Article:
Do you think it’s time for Tasmania to have its own Startup Accelerator?

Building a tech startup in Tasmania is admittedly tough. Over the last 2 years, there have only been a handful of successful Tasmanian startups even though many people have shown interest in this space and want to take their first step but don’t know how.

How to apply, get in and then crush it in a venture accelerator
Yesterday, I happened to be in Melbourne at the same time Lean Startup held their “How to apply, get in and then crush it in a venture accelerator” Meetup event where over 200 attendees got together to listen to a panel of startup entrepreneurs share their experience on getting into a Startup accelerator and the journey involved.

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It was also interesting to hear from other start-ups, including what worked and what didn’t work for them. There was good energy in the room with lots of burning questions from determined entrepreneurs. And when you start hearing from the entrepreneurs about their failures and experiences, you can be sure it is not just entrepreneurs in Tasmania doing it tough.

As Angel Cube, a Melbourne-based accelerator, and the entrepreneurs talked about the details involving the ins and outs of working with a Startup Accelerator, it got me wondering whether it’s time for Tasmania to have its own Startup accelerator.

We know Tasmania had 2 incubators, Springboard and In-tellinc, which both typically mentored larger ventures, but now that Springboard has started winding down, perhaps there will be an opportunity for an accelerator program to fill the gap.

Looking at the current Tasmanian landscape, surely it is time for investors to bring Tasmania the seed stage investment it sorely needs by setting up it’s first accelerator and seed capital fund.

Don’t think it’s possible? Well, maybe for starters we should have a look at some of the Australian accelerators that were present at the event:

  • Startmate (@startmate), a Sydney based accelerator that runs a 5 month program focused on internet startups chasing large markets with technical founders. Typical terms are $50,000 investment for a 7.5% equity (includes two demo days, one in Sydney and one in Silicon Valley, trip included). Mentors of note include founders of Atlassian, Hitwise and Spreets, and partners at Southern Cross Ventures.
  • Angel Cube (@angelcubemelb), a Melbourne based accelerator that runs a 3 month intensive program. Typical terms are $20,000 investment for 10% equity. Includes a demo day to investors. Mentors of note include founders of 99Designs/Sitepoint, Stateless Systems and Crowdmass.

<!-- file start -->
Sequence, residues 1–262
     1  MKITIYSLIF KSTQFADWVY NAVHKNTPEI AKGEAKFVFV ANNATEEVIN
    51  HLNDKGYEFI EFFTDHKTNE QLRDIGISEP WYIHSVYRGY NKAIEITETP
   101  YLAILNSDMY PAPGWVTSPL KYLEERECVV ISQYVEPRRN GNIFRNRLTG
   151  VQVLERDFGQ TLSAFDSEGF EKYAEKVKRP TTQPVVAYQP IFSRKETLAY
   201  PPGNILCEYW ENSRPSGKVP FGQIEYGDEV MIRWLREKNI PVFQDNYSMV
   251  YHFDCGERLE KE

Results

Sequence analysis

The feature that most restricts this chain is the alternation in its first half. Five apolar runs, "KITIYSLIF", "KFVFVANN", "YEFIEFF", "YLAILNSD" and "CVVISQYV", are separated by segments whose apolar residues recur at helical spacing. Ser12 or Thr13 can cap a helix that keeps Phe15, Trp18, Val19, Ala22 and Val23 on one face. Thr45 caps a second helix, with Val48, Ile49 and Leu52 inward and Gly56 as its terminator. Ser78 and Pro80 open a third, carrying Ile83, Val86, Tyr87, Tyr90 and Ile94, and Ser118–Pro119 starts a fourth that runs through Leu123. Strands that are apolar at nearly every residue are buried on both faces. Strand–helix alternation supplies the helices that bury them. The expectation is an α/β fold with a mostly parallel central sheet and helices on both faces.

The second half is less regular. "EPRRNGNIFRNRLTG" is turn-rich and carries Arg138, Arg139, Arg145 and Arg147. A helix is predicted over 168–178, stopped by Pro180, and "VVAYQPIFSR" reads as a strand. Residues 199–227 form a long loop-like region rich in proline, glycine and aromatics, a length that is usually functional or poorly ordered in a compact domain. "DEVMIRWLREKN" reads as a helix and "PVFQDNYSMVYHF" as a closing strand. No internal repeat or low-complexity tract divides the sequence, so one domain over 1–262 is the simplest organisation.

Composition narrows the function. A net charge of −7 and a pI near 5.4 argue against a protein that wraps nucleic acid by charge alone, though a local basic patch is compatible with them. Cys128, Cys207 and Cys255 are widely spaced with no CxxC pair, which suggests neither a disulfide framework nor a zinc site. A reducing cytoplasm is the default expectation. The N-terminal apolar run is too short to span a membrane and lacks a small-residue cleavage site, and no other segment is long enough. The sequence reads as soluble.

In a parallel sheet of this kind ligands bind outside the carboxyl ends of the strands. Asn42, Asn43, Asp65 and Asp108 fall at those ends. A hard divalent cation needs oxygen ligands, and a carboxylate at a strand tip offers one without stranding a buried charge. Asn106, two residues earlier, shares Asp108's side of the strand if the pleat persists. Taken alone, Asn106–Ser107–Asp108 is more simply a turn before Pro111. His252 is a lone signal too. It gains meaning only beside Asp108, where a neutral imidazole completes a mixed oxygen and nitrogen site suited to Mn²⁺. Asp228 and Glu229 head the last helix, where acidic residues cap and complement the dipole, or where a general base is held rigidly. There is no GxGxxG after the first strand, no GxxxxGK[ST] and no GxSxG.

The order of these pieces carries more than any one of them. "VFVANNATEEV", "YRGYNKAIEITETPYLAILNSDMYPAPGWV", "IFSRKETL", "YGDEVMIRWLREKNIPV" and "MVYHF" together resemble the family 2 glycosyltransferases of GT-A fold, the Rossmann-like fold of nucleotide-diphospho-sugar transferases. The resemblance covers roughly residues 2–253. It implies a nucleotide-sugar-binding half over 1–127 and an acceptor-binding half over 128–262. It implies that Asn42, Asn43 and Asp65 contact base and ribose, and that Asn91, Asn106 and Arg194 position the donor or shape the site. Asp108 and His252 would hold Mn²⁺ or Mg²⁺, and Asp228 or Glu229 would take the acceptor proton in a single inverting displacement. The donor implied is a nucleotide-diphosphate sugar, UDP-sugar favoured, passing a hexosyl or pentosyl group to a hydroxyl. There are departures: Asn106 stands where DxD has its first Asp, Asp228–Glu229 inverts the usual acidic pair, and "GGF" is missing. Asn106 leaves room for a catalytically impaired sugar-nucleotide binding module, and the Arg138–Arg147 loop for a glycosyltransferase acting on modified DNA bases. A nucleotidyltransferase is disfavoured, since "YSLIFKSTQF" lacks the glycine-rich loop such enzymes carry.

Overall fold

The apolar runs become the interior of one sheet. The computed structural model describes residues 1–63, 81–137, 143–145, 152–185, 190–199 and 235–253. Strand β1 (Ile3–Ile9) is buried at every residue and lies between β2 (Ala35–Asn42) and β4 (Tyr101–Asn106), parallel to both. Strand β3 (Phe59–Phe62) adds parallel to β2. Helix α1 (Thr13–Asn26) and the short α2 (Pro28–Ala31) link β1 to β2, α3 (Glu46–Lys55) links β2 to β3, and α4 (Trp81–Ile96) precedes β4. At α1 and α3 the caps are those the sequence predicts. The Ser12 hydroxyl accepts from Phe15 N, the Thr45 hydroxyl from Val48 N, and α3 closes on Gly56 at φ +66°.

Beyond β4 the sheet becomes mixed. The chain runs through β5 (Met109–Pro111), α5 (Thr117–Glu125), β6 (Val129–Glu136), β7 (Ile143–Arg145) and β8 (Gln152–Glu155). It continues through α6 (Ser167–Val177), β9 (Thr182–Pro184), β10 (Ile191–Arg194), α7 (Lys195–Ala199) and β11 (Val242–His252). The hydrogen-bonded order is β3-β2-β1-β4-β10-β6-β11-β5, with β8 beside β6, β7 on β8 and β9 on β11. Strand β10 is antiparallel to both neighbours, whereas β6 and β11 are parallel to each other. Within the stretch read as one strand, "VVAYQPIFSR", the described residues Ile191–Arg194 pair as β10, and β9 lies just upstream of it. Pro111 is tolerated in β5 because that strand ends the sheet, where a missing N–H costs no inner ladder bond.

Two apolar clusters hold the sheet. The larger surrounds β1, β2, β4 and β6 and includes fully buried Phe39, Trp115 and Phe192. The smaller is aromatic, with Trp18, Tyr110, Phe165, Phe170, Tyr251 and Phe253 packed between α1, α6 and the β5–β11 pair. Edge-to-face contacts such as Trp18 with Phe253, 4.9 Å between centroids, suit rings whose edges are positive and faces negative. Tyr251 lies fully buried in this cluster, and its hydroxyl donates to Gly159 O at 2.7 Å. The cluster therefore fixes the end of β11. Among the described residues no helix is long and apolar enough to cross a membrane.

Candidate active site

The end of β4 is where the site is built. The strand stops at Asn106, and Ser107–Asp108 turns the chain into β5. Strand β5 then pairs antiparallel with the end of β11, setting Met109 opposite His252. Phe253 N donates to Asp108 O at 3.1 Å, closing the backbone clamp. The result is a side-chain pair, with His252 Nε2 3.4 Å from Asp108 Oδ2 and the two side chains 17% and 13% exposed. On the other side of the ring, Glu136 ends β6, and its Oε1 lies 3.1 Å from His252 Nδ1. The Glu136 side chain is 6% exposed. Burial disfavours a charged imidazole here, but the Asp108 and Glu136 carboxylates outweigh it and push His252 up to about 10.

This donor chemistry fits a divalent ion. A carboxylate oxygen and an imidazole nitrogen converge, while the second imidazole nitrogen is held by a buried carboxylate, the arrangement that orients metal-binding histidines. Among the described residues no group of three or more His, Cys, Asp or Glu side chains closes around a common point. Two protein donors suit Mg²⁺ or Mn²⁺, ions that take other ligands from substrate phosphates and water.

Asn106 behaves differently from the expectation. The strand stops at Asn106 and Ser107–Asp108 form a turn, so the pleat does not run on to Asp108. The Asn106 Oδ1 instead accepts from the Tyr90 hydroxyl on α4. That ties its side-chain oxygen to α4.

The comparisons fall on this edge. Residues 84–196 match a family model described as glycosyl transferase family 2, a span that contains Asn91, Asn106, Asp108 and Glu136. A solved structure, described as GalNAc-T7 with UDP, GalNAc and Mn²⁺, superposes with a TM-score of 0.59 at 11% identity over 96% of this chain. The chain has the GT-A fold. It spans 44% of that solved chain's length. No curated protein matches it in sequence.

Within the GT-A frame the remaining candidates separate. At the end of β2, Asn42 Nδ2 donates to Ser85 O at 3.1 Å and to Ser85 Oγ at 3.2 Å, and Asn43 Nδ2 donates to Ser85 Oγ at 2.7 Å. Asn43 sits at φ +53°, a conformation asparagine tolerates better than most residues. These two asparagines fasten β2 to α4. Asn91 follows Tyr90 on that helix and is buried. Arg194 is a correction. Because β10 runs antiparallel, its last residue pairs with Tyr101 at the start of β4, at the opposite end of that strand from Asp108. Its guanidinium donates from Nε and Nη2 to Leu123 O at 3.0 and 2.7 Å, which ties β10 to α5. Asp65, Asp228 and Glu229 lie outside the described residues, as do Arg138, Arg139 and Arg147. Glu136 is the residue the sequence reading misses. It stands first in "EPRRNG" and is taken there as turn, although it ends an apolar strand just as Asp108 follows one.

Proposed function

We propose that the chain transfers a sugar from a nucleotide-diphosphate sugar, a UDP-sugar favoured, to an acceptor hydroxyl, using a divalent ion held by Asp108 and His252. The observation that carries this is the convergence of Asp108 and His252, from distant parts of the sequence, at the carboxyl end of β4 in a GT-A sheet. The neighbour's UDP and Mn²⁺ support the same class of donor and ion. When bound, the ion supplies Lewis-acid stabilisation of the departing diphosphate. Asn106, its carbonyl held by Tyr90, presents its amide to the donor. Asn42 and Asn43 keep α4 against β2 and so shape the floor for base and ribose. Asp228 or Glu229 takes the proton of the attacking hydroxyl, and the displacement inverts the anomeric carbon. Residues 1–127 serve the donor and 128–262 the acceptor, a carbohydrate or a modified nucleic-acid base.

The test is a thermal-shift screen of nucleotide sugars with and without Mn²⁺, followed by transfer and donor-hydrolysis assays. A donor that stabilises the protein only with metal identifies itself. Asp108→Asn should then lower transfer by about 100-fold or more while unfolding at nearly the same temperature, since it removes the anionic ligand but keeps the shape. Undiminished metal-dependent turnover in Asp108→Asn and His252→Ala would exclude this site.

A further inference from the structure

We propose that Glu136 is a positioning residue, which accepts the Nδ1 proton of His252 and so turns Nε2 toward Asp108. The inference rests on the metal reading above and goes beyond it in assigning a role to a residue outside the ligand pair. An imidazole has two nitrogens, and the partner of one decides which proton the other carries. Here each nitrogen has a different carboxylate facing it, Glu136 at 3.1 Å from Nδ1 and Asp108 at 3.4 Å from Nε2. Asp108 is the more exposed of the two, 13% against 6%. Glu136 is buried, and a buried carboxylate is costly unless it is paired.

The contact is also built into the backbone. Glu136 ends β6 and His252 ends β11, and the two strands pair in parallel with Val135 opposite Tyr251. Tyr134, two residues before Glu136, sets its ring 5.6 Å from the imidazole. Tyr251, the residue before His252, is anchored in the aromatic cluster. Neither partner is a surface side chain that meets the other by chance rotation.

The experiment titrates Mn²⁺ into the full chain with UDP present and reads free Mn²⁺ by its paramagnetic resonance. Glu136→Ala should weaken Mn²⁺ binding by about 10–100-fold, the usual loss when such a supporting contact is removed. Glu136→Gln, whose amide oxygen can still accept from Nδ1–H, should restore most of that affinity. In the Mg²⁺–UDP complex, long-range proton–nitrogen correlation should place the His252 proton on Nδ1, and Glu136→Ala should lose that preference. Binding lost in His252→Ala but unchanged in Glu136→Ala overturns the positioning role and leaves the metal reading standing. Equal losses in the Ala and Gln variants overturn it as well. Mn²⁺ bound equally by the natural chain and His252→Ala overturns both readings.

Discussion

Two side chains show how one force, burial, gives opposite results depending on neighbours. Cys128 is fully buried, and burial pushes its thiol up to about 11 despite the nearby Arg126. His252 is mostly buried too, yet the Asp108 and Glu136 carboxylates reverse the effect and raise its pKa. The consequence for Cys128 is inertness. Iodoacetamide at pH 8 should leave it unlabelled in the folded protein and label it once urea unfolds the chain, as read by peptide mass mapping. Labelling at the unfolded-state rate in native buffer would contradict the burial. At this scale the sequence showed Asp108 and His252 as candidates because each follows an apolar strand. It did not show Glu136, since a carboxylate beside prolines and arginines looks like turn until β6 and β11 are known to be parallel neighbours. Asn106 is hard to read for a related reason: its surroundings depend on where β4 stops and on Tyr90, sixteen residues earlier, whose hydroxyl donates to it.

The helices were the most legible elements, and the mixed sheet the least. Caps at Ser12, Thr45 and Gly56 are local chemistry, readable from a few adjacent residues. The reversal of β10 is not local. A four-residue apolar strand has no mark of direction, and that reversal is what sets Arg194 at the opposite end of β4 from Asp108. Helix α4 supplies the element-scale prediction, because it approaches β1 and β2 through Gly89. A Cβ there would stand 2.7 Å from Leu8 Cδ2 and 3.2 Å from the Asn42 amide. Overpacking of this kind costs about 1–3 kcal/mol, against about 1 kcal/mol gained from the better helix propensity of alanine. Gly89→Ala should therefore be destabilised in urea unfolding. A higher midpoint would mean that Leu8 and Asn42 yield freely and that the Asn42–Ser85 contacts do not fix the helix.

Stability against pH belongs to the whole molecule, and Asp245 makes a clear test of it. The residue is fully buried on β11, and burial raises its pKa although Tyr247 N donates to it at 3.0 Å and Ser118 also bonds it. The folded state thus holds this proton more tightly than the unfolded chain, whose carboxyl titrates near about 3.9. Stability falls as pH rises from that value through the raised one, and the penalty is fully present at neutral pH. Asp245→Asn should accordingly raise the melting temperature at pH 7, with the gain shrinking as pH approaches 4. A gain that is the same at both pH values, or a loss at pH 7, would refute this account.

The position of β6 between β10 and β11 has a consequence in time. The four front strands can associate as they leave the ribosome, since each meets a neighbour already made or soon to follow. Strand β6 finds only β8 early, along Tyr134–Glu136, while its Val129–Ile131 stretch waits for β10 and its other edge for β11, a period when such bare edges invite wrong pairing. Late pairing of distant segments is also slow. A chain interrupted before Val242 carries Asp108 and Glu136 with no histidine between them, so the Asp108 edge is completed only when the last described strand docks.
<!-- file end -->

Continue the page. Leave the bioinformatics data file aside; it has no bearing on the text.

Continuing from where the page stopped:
These accelerator programs are not looking for amazing ideas or people with tons of experience. They are looking for determined and smart founders who are quick to execute and has the drive and determination to succeed.

Such founders may or may not have a proven idea. But they do need to be able to demonstrate their ability to quickly test an idea in order to be able to find out if it will stick, if there will be any traction, and if it is scalable with a potential to go global.

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These accelerators want to find founders who are not afraid to make mistakes and, more importantly, they want to see them learn from mistakes, quickly.
But there’s a catch, which arguably may or may not be a bad thing. The catch is you need to be physically present in the city where the accelerator is based, or have the intention to move there during the program. And this is the reason why perhaps Tasmania should have a Startup Accelerator of its own.

So really, the issue isn’t funding or lack of talent. The real problem could stem from the sheer amount of work involved with creating an accelerator, or the lack of experience in the community. But, with regards to the latter, if we don’t start to make the first steps, how are we ever going to gain any experience?

Sourcing Mentors

How about mentors? Which is what these accelerators are really all about. For a Tasmanian Startup Accelerator to be successful, it will likely need to be able to harness its ability to help startups reach outside Tasmania and Australia.

In a limited market, going regional or global quickly and decisively is an essential part of proving ideas and gaining traction, hence the historical focus on outsourcing companies.

For optimised mentorship, the Tasmanian accelerator will need to have a “rolodex” of mentors and be able to source them from within Tasmania while continuously looking to connect with an international network of mentors.

The accelerator will also need to connect with grassroots techies, startups as well as small business communities to leverage the diaspora and tap into local entrepreneurs with potential Silicon Valley or global expertise.

The Tasmanian startup sector has been somewhat quiet, but momentum is building slowly, especially as innovative startups like AsdeqLabs demonstrate their ability to sell a visionary enterprise-level product to the world while operating in Tasmania.

When a startup accelerator exists in Tasmania, it will be interesting to see what kind of entrepreneurs apply to the first Tasmanian Startup Accelerator class. I would expect to see ideas in e-commerce, travel, and perhaps even more enterprise solutions in the midst of applicants.

So what do you think? Do you think it’s time for Tasmania to have its very own Startup Accelerator?

Please share your thoughts in the comment section below. Constructive feedback and discussions will be greatly appreciated.

About the Author: Byron Teu is one of the co-founders of Startup Tasmania. He is a serial entrepreneur, an occasional investor, and he is addicted to building Startups. Byron is on Twitter! You can follow him via @byronteu